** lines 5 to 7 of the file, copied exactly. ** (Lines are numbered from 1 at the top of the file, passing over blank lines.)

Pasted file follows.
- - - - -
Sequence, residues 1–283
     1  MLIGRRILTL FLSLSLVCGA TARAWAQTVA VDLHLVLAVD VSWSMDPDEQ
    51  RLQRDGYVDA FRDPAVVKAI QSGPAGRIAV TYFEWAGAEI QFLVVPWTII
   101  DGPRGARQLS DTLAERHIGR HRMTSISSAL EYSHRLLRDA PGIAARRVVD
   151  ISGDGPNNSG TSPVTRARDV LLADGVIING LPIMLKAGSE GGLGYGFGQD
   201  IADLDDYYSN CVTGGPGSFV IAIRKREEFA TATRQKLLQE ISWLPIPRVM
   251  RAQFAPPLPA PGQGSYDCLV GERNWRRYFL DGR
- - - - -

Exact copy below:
   151  ISGDGPNNSG TSPVTRARDV LLADGVIING LPIMLKAGSE GGLGYGFGQD
   201  IADLDDYYSN CVTGGPGSFV IAIRKREEFA TATRQKLLQE ISWLPIPRVM
   251  RAQFAPPLPA PGQGSYDCLV GERNWRRYFL DGR